BY LOIS HENRY Californian columnist firstname.lastname@example.org
After all the hue and cry and termination of leases and launching a new warehouse "vision" for Animal Control, we're apparently headed back to where we were about this time last year.
In case you haven't been rabidly (ha!) following this topic, the county in April terminated its lease for the city-owned Mount Vernon Avenue animal shelter. suggesting the City of Bakersfield wasn't paying enough for shelter services, which are provided by the county.
Lois Henry hosts Californian Radio every Wednesday on KERN 1180 AM from 9 to 10 a.m. You can get your two cents in by calling 842-KERN.
Instead, the Board of Supervisors voted to look at setting up a county-run shelter in a warehouse. They city was left to figure out its own shelter solution.
In late June the county abruptly put its plan on hold to see if something could be worked out with the city.
And next Tuesday County Public Health Director Matt Constantine will present several options to the supervisors, one of which will be to extend the county's relationship with the city for a year (they were on a year-to-year agreement already) so they can work out a number of issues including how much the city should pay going forward and how both agencies can use their resources to better operate the shelter (the same issues they were negotiating last year).
The city has offered to raise its $340,000 annual service fee to the county by $400,000, for a total of $740,000, and it will front the county $100,000 for some immediate improvements to the shelter.
That sounds like a good deal for taxpayers and animals and I hope Constantine recommends supervisors take it and call a halt to this silly warehouse idea.
For his part, Constantine sounded very positive about the 12-month agreement.
"We've asked the city to do a lot in a short period of time and they've come a long way," he said. "This is a good start."
He said the entities are also brainstorming new ways of handling stray and unwanted animals and that together they would realize "a maximized effect" while apart they would only be "striving for the minimum."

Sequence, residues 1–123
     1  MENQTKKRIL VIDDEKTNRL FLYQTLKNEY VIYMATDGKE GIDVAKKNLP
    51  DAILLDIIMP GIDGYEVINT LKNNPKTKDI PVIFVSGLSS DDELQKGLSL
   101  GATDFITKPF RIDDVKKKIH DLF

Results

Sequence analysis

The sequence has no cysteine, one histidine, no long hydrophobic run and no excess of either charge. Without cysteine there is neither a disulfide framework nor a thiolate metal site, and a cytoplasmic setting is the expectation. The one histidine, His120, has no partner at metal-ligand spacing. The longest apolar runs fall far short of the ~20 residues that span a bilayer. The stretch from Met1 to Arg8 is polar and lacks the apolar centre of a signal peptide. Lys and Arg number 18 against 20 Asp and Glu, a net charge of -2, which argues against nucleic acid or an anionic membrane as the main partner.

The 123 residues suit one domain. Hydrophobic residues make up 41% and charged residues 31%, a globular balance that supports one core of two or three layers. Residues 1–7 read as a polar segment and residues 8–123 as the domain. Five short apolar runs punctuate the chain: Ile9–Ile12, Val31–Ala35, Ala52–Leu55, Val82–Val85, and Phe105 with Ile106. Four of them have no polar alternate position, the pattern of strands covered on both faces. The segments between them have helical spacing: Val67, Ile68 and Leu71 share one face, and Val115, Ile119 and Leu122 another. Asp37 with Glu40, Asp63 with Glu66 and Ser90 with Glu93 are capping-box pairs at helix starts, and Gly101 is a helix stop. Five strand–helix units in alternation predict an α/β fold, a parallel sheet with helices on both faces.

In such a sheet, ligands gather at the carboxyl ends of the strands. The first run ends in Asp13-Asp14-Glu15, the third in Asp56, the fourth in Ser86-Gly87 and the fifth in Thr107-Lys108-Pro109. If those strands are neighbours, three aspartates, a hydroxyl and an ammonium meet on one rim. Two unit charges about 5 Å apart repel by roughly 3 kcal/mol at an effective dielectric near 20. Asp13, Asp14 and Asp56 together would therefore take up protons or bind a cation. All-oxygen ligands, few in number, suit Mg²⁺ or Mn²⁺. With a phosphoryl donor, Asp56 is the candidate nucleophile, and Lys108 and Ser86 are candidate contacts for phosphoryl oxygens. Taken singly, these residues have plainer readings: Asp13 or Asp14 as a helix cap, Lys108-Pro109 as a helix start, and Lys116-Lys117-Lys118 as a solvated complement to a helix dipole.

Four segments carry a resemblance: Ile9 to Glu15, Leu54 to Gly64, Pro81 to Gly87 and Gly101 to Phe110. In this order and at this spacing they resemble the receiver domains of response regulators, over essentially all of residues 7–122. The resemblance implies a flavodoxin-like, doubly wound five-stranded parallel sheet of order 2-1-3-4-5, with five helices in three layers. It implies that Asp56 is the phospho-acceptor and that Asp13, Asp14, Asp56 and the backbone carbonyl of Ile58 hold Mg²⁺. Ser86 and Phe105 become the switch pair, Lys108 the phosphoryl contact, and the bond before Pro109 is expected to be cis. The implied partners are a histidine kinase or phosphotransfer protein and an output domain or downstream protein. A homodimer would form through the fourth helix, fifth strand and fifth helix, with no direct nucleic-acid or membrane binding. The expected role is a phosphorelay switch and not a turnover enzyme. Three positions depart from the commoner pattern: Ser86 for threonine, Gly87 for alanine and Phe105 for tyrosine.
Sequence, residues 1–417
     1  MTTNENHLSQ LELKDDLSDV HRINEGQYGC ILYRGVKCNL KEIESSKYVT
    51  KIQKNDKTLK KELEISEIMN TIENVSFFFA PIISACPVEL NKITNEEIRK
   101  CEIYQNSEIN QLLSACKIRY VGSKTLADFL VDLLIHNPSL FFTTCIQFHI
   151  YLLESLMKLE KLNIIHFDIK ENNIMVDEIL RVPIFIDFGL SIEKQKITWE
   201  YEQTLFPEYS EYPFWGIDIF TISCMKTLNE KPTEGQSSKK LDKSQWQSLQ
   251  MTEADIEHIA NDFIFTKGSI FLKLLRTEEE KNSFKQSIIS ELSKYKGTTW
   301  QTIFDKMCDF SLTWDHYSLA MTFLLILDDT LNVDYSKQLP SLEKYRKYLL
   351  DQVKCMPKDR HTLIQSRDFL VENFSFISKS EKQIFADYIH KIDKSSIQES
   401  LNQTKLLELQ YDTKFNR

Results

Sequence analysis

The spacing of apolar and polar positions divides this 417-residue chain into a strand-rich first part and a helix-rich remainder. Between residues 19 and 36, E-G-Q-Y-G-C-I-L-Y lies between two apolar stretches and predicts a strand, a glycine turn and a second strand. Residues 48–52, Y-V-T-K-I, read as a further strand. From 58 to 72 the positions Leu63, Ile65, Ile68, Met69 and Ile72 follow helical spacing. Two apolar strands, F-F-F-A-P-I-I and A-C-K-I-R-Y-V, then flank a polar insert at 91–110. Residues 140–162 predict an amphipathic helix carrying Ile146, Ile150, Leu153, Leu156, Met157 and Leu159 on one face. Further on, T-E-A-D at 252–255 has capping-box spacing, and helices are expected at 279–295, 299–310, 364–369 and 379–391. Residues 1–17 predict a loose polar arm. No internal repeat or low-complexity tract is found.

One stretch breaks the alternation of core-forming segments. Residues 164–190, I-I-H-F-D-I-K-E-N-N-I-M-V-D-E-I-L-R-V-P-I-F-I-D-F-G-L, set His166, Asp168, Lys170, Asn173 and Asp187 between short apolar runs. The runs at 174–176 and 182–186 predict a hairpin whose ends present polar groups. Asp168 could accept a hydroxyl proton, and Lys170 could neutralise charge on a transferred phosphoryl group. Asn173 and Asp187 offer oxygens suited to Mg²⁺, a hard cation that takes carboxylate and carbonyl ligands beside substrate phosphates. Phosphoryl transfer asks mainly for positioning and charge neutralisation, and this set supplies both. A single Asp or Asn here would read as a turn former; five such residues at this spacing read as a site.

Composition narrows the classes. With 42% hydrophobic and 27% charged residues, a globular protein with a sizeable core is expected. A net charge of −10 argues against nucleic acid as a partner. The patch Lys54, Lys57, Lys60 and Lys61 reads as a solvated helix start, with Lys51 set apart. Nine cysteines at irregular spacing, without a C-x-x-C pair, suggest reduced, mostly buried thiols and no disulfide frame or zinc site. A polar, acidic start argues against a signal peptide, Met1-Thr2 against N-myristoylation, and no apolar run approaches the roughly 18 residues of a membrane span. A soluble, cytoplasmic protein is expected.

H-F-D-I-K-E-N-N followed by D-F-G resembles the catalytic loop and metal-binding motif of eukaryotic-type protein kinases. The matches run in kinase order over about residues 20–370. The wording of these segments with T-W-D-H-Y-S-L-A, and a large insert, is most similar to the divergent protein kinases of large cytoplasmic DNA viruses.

Yeah, no kidding. So why'd we waste a year and set everyone's hair on fire breaking the lease only to realize the obvious?
I know the prevailing wisdom is it was all about hardball negotiations between the county and one of the hardest balls around, City Manager Alan Tandy.
But I'm not sure I buy that.
Last year the county crunched the numbers (after animal activist Liz Keogh crunched them first) and discovered the city was bringing in so many more animals that its $340,000 a year wasn't paying its freight.
The county figured its cost for "city" animals was closer to $1.1 million. The city balked at that primarily because of "overhead" costs the county figured into its figuring, according to Assistant City Manager Steve Teglia. That overhead paid for a portion of the county's attorney and other administrators' time and is a standard county charge, Teglia said he was told.
It's not standard at the city and in what turned out to be the final city/county meeting on the issue earlier this year, Teglia asked if the county could remove that overhead, about $400,000. That would bring the city's cost down to around $700,000 a year, a number Teglia said he told Constantine the city could live with.